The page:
New research explores the benefits of keto diets for reversing Researchers investigated how low carb diets reduce colorectal tumor growth in mice.
They found that a molecule produced on keto diets suppresses tumor growth and think that these results may translate over to humans.
The researchers have now initiated clinical trials to determine the molecule’s effect on human colorectal cancer.
Colorectal cancer (CRC) is the third most commonTrusted Source cancer diagnosed in the United States. Studies have shown that the Western dietTrusted Source, high-sugar diets, and excessive consumption of animal protein — especially red meat — increase CRC risk.
Studies show that diets involving fasting and caloric restriction are protectiveTrusted Source against intestinal tumors in animal models. Whether they may translate over to humans remains unknown.
Understanding more about the mechanisms underlying the effects of various diets on tumor growth could help researchers develop treatments and preventative options for CRC.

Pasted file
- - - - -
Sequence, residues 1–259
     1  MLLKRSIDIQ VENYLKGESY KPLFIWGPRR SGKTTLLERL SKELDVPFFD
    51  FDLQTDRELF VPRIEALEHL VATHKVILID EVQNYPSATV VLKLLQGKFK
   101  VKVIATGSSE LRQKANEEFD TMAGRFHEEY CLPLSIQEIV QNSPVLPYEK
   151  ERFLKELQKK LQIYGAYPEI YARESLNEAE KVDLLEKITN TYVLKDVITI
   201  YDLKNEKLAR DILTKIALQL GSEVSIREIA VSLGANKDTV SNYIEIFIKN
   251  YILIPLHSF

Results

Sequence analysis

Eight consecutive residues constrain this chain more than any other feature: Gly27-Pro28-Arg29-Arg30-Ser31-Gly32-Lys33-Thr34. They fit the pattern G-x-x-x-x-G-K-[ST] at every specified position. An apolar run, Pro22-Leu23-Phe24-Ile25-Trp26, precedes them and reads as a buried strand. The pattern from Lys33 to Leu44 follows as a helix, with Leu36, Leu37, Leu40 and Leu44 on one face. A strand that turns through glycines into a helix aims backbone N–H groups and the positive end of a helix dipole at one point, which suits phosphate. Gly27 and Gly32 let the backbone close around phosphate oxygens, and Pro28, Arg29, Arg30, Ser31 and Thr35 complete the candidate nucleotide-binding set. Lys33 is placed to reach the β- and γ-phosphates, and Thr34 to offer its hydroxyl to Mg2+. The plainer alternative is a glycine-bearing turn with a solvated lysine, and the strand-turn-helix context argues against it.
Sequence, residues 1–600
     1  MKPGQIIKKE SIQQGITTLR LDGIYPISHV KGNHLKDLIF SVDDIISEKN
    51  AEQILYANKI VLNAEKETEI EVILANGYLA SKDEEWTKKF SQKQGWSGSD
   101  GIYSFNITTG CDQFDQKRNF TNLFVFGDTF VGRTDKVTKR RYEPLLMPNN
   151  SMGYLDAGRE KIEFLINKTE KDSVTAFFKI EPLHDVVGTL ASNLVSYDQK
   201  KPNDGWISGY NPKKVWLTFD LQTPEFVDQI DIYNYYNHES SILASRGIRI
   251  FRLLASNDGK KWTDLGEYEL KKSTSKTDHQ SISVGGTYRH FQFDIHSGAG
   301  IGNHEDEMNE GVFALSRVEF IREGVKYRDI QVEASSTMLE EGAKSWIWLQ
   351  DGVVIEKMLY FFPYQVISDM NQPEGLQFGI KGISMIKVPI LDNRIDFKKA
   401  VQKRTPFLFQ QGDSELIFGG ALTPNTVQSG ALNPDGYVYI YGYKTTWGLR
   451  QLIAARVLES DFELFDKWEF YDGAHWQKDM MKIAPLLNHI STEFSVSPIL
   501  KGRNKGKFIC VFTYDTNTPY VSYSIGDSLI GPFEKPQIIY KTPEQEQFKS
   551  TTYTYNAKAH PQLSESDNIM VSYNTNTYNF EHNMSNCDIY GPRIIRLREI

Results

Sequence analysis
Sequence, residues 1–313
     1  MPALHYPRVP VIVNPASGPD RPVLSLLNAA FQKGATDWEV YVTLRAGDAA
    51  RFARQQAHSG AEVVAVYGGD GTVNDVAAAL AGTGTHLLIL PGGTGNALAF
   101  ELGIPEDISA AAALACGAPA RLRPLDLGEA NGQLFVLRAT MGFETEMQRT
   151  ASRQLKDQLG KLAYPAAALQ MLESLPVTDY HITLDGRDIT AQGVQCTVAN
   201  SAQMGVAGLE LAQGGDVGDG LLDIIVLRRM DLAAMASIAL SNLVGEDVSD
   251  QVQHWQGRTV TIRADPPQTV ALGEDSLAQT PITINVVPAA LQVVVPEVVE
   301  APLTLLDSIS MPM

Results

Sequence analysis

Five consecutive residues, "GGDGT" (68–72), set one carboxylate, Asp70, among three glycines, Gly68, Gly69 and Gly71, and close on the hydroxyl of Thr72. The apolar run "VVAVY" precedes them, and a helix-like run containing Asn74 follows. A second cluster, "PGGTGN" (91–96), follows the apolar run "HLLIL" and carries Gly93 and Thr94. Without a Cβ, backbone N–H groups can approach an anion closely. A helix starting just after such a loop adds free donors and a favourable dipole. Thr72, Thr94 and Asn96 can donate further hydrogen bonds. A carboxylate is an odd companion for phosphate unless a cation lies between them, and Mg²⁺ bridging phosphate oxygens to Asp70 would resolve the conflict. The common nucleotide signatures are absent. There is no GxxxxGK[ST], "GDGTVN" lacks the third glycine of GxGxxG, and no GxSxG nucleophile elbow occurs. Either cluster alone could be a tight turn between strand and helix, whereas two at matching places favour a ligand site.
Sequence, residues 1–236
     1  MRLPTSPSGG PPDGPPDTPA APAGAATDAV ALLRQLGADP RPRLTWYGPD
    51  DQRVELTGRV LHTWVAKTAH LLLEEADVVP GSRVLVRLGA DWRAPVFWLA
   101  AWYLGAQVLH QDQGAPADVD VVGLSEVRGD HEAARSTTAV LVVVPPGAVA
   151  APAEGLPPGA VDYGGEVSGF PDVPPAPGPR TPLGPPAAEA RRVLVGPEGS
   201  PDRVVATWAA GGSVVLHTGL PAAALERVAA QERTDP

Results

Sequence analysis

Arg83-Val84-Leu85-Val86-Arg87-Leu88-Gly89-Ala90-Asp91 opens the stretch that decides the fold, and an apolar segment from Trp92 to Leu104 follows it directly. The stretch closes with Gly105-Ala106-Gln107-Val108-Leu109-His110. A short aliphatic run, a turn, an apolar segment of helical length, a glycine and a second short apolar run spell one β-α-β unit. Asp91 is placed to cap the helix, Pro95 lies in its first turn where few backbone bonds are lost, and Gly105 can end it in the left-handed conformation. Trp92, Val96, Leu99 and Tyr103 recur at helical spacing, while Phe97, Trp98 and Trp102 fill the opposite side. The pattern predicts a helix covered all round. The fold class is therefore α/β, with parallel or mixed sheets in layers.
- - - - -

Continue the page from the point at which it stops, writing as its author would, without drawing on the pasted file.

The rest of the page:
Recently, researchers conducted a series of mouse studies investigating the underlying protective mechanisms behind a low-carb diet for CRC.
They found that beta-hydroxybutyrateTrusted Source (BHB) — an alternative-energy molecule produced in response to low carb diets — suppresses intestinal tumor growth.
“BHB is a small molecule produced in the liver in response to starvation or a ketogenic diet,” Dr. Anton Bilchik, surgical oncologist and chief of medicine at Saint John’s Cancer Institute at Providence Saint John’s Health Center in Santa Monica, CA, told Medical News Today.
“This [new study] demonstrates in a mice model that it prevents colorectal cancer by activating a growth slowing receptor Hcar2 which is found in the lining of the bowel. This receptor may play an important role in preventing cell growth within the intestine,” Dr. Bilchik added. He was not involved in the study.
The new study was published in NatureTrusted Source.
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Enter your email Your privacy is important to us Keto diets The researchers first sought to identify dietary interventions that affect intestinal tumor growth.